He attends 90-95% of the numerous meetings on the mayor’s schedule, and frequently “drives the town” with Councilman Darin Garrett to check out streets, storm drains, and various complaints that have come in.

“We also check to see if people have complied (with regulations) following complaints,” he said.

Throughout the work week, Wiegand confers with City Administrator Tomi Jo Day and Development Director Tammy Roberts to follow up on council business.

Wiegand is pleased with the progress that has taken place during his term of office.

He especially mentions the asphalt overlay and sealcoating projects that took place in 2020 as well as the additional 40 blocks of asphalt that will be overlaid this fall and next spring.

“None of that could have been done if we had done the streetscape project,” he said.

“We have also redone 12-13 storm sewer intakes that have needed attention for years,” he said.

Additional intakes are on the docket for 2022.

“The sewer treatment plant is a big accomplishment,” he said. “There is a very small punch list left.”

Wiegand is also pleased that the endangered buildings on the west side of the square have been stabilized by the city and are now back in the hands of private owners who are rehabbing them.

The housing incentive has also gotten off the ground during Wiegand’s tenure as mayor. “Six to eight new houses have been built in Bloomfield in the last 2.5 years,” he said, “and there are four or five more individuals that want to continue with housing construction.”

Wiegand has emphasized code development and enforcement during his term in office. “We are close to having a housing code for new construction and a rental code ready to enforce,” he said.

“Is it 15 years past due?  Yes.

“It is designed not to be a burden on anyone, but to make Bloomfield a cleaner, safer, better place to live with a better way of life and improved living conditions.

“This is a unanimous council thing that everyone has been wanting and the council should get credit for all that’s been done.”

“Improvements are generally by unanimous council vote,” he added. “We work together well.”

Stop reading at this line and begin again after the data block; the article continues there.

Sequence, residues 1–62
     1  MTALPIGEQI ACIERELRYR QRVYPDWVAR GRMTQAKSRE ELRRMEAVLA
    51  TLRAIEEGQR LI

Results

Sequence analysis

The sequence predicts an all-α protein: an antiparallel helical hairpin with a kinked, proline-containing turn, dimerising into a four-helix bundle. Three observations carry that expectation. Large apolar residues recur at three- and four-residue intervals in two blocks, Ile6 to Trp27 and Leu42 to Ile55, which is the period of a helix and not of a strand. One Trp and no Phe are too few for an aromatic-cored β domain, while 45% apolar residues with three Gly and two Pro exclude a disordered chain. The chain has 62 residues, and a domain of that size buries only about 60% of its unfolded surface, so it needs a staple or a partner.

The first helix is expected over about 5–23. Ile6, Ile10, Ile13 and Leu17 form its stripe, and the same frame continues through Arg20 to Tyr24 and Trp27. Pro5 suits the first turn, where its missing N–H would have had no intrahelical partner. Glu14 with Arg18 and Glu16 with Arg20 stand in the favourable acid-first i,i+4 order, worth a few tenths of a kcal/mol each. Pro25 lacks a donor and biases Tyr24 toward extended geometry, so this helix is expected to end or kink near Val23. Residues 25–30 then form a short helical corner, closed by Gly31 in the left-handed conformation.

Mentioning other improvements that have taken place since his election in 2017, Wiegand listed the purchase of new equipment, the installation of electrical poles, cemetery improvements, and cleaning up city property.

“We can’t ask someone to do something we don’t do ourselves,” he said, referring to cleanup efforts.

What does the future hold if Wiegand gets re-elected?

“In 2024 or 2025, Franklin Street will be paid for. That opens up the opportunity for the next big street project, but we may just finish up getting everything overlaid with asphalt or sealcoat. We might possibly consider putting some asphalt over sealcoat,” he said.

Wiegand would like to see improvements around the square — possibly heated sidewalks with pavers and planters, trees, and benches. “The only way to get grants for this is to emphasize stormwater improvements,” he said. “We could also do concrete curbs and gutters and mill down the streets and overlay with asphalt.

“This will be my next goal if re-elected,” he said. “I would like to do sidewalks, curbs and gutters next year. Streets may come the following year.”

In 2023, the DOT will be redoing the sidewalks on the east side of the square and Wiegand says the sidewalks on all four sides of the square must be designed to match.

Wiegand is pleased with the number of new businesses that have sprung up in the downtown during his term — especially in the wake of the pandemic.

“I actually think COVID helped,” he said. “The people who thought outside the box and changed what they were doing to meet the present needs did very well.”

Looking ahead, Wiegand would like to see several multi-family housing units built in Bloomfield and the city and the county working together to purchase property adjoining the industrial park for purposes of expansion.

“We are slowly accomplishing some things,” he said. “DCDC and economic development are working together.

“I’d also like to see Bloomfield Main Street set some reasonable, practical goals and help get that program back on its feet and moving in the right direction. I want to help Main Street succeed,” he said, mentioning his role in selling 50-50 tickets during Hairy Nation Days that benefitted Main Street and Davis County Daycare.

Regarding the closure of the tree dump, Wiegand said the council will hopefully approve opening the facility on a trial basis for the month of October.

The public must abide by the DNR rules — no garbage, tree and yard waste only, and no fires — if the dump is to remain open.

“The tree and yard waste cannot be burnt unattended,” he said, saying the DNR could issue fines.

Wiegand invites Bloomfield residents to call him if they have questions or need help in solving issues. “I have no problem with anybody calling,” he said.

“I feel the last four years have moved Bloomfield in the right direction, and I hope to be able to continue moving it in that direction,” he said.